Wokingham was and still is, the UK's Everytown. Charles Rideout is the young man wearing the apron on the right hand side, circa 1912. He was killed during the Battle of Loos, 1915.

Peach Street, Wokingham. Charles Rideout is the young man wearing the apron on the right hand side, circa 1912. He was killed during the Battle of Loos, 1915.

We discovered with the help of our friends, that Wokingham was and is Britain’s ‘Everytown’. Like most towns, it has no famous neighbours, as Windsor or Eton have with their castle and school and did not grow out of the necessities of mining and industry; Wokingham has taken on many faces during its thousand year journey, quietly figuring out different ways to make a living and reinventing itself like the countless towns which pepper our nation. It is a silent history, unrecorded but every bit as important as any page from our history books.

If you examine the newspaper reports of everyday life the town during the war years (they’re on the side panel) there exists a strange dislocation; life carries on much as normal and at first there is the thought that the community took an ‘out of sight out of mind’ approach to the war.

Click on image to increase size. This article presents the memorials as a form of thanks and sympathy, not as a mark of victory.

Click on image to increase size. This article presents the memorials as a form of thanks and sympathy, not as a mark of victory.

Imagine however, how the community would have been affected if the news told the real story of the war? Wokingham, as with other towns, took a ‘stiff upper lip’ approach. However, there are small pieces of information which tell us another story. Wokingham’s Mayor, HC Mylne died only a few months after the victory celebrations in 1919 and on more than one occasion his death was attributed to the exertions he experienced from his war time responsibilities. One of the examples we know of was his chairing of the committees which decided who were essential workers; ie who should stay at home and who should go to war. These were life and death decisions and Mayor Mylne would have known many of these men in person. The Mayor was not a hardened military leader of the General Haig mould, he was just a local man doing ‘his bit’ for the community. Imagine this man having to take such life and death decisions; they must have weighed very heavily upon him. No wonder he too is named on the Memorial.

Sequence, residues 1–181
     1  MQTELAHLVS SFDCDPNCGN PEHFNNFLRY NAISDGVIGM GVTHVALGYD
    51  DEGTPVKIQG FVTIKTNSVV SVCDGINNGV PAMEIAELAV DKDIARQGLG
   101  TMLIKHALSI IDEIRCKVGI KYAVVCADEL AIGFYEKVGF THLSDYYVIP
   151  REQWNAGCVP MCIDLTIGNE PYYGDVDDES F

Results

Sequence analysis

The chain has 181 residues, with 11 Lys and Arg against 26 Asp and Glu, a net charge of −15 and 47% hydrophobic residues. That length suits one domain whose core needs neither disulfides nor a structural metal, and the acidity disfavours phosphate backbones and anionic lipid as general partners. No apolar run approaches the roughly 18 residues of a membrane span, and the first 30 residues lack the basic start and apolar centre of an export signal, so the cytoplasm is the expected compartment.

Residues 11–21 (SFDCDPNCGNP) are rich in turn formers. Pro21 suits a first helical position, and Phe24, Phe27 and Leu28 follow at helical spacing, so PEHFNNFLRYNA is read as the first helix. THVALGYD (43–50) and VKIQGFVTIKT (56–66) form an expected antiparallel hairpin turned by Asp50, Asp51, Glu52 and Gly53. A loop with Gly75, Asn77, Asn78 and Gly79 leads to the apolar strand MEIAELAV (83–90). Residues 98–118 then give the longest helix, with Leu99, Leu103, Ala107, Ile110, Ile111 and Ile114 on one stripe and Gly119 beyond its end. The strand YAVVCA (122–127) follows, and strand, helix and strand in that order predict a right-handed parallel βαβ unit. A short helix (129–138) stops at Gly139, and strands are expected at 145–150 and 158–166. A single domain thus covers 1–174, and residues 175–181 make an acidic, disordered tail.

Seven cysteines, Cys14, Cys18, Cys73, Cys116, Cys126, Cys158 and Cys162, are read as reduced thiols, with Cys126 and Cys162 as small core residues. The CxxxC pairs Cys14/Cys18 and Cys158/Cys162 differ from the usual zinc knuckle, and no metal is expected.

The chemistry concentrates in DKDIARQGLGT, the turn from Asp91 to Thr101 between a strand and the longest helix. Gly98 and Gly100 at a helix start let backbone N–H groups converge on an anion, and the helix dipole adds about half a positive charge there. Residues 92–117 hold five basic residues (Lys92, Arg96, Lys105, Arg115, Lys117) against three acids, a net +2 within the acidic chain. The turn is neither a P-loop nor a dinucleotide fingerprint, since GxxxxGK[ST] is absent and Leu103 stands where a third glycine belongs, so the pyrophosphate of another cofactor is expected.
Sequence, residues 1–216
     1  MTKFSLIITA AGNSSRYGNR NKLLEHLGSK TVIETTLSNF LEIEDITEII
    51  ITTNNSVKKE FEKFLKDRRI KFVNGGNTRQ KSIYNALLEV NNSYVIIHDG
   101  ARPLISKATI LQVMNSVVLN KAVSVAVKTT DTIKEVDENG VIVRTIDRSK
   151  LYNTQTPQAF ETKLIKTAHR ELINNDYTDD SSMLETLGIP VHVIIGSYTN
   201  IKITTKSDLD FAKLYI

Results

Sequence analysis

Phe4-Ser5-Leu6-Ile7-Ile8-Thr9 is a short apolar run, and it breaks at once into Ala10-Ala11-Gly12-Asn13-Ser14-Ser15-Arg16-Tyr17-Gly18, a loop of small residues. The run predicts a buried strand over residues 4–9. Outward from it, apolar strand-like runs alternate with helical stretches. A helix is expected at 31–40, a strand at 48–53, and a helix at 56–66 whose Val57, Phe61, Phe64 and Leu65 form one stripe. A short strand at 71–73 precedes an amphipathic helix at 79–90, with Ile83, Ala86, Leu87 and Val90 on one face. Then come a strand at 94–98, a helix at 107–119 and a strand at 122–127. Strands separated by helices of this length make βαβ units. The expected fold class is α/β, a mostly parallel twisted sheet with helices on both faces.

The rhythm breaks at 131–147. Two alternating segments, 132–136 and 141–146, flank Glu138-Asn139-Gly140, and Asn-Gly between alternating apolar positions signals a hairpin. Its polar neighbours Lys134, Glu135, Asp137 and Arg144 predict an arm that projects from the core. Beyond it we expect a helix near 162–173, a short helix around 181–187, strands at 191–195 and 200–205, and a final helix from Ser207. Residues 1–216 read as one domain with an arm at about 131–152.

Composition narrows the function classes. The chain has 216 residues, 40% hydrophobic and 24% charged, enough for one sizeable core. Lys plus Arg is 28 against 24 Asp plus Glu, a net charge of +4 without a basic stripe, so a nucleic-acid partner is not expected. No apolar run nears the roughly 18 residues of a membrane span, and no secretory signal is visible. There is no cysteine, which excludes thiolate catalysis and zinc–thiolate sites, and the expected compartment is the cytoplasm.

Harry Colebourn and and original Winnie the Pooh, before being seen by AA Milne and his son Christopher Robin at London Zoo.

Harry Colebourn and and original Winnie the Pooh, before being seen by AA Milne and his son Christopher Robin at London Zoo.

The Great War and Modern Memory

Finally, again surprisingly, our childhood memories are entangled with the rich period of history. We all know Winnie the Pooh, War of the Worlds, the Jungle Book and some of us will recall that old German Shepherd dog Rin Tin Tin during our visits to Saturday Morning Pictures. As we come across these famous stalwarts of that period and their influence on our childhoods, they will be flagged up and presented either as stories or simple links to other sites.

All these ideas and more are presented on the right side panel of the Wokingham Remembers website. You’ll find some quite surprising stories.

Wokingham Today

Winter Carnival. Today's Wokingham is proud of its roots without taking itself too seriously (hence super heroes marching with aldermen)

Today’s Wokingham is proud of its roots without taking itself too seriously. Hence the mix of super heroes and Council Members.

This great survivor of a town has now grown in population and sits at the top of the league of the nation’s most favoured places to live. Wokingham’s self-effacing nature though means it never really accepts this lofty position, instead choosing to continually argue and complain about itself, whilst at the same time bristling with pride of place. Wokingham Remembers therefore, continues to build the story of this Everytown; a place that used to be and a place that it has become. It is a very British story and one that is never found in the nation’s libraries – it is the real ‘Story of Us’. Of course to understand the ‘Story of Us’ as a nation, we need to know what was happening during this period on the national stage. Again, a quite staggering story emerges. 1900 to 1914 was not the tale of a genteel Edwardian Summer meandering toward the gates of hell as depicted in traditional histories of the war. The Edwardian period was chaotic, dynamic and in many ways replicates the challenges facing our own lives one hundred years later. By visiting this period we start to understand that the people of the time were not so different from us today.